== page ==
Tunisia's political crisis showed no sign of being resolved on Thursday, amid warnings against a slide into the carnage that has swept fellow Arab Spring country Egypt since democratic polls.
Rached Ghannouchi, head of the moderate Islamist party Ennahda that heads a coalition cabinet, slammed the opposition as "anarchists" for demanding the resignation of Tunisia's elected government.
Three weeks into a crisis triggered by the assassination of opposition leader Mohamed Brahmi, Ghannouchi ruled out the formation of a government of technocrats as demanded by the opposition.
"That would spell danger for the country, it would push us towards the void and finish off the democratic experiment in Tunisia," he said.
He renewed Ennahda's offer of negotiations with the opposition to bring in other parties and form a government of national unity, and reiterated its roadmap for drawing up a new constitution and holding fresh elections by the end of 2013.
"In democracies, governments don't fall because of sit-ins or demonstrations but after elections or a lost vote of confidence in parliament," said the Ennahda chief.
Ghannouchi said a second round of negotiations between the government and the powerful UGTT trade union aimed at hammering out a compromise would be held on Monday, after an initial meeting this week failed to make any headway.
Ennahda's supporters are determined that after long years of repression under president Zine El Abidine Ben Ali, who was ousted in Tunisia's 2011 revolution, the party not be denied a share of power.
The Egyptian army's July 3 overthrow of elected Islamist president Mohamed Morsi after massive street protests had already sharpened divisions in Tunisia, and both sides are wary of sliding into the turmoil of the fellow North African state.
On Wednesday, more than 500 people were killed in nationwide clashes following a crackdown by Egyptian security forces on Morsi supporters.
"What's happening in Egypt shows the need for all political parties in Tunisia to sit down at the negotiating table with a commitment to legitimacy and democracy... and without incitement to confrontation," Tunisian President Moncef Marzouki said.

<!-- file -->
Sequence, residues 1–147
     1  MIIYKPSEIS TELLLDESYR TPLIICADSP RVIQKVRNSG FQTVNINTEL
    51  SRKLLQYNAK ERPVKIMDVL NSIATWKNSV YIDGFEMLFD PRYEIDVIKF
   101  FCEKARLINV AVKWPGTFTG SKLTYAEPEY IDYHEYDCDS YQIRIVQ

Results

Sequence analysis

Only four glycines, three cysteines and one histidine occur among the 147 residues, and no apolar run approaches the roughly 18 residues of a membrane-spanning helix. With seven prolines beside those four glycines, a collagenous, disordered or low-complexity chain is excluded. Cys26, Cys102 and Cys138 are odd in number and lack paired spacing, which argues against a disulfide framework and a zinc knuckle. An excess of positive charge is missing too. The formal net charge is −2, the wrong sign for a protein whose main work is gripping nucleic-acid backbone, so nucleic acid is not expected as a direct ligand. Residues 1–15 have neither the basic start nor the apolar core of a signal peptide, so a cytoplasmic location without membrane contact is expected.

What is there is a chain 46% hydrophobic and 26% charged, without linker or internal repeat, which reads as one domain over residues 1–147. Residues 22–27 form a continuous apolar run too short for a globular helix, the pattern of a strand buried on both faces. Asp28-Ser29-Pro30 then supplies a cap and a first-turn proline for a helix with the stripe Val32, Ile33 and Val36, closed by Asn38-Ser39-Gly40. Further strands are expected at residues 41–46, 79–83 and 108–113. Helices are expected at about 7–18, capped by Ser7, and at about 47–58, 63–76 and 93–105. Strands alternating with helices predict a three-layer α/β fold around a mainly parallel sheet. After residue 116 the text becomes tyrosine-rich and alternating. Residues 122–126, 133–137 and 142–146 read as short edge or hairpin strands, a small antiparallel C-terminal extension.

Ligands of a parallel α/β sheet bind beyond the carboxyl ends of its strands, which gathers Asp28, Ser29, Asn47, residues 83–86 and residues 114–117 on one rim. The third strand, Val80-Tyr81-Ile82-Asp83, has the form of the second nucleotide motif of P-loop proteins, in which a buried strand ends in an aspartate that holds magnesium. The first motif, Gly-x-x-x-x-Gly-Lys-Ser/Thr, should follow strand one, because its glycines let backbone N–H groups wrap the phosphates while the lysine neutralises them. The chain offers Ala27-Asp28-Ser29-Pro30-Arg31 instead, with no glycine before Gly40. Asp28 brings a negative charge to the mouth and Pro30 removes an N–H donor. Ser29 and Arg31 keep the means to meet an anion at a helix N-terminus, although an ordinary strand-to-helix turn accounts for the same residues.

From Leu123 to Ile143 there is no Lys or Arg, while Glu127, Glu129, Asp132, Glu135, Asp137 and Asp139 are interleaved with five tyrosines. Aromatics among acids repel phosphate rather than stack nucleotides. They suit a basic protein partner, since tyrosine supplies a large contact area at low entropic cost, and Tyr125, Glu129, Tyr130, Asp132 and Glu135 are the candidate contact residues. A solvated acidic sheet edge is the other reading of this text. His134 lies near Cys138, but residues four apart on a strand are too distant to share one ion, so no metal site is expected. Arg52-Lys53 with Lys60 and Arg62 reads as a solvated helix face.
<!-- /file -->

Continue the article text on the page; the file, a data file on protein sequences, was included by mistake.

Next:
His comments were echoed by German Foreign Minister Guido Westerville, who was in Tunis on Wednesday on a mediation mission aimed at narrowing the gulf between the government and Tunisia's diverse opposition.
"Of course Tunisia is not Egypt, and Egypt is not Tunisia. But what is happening in Egypt right now must not happen in Tunisia. That's why it's important to build bridges" between the rival camps, he said after talks with Marzouki, Ennahda's secular ally.
On Tuesday, the two sides held rival rallies, highlighting the deep divisions over the balance to be struck between secularism and democracy following the 2011 revolution.
The mainly secular opposition accuses Ennahda of eroding women's rights and of failing to take strong enough action against hardline Islamists accused of Brahmi's July 25 murder and the slaying in February of another prominent secular politician, Chokri Belaid.
Ennahda insists it has the right to lead the government after emerging as the largest party in an October 2011 election for a constituent assembly but has called on its opponents to join a broader governing coalition.
The 500,000-strong UGTT does not back the opposition's call for the dissolution of the National Constituent Assembly, tasked with drawing up a new constitution.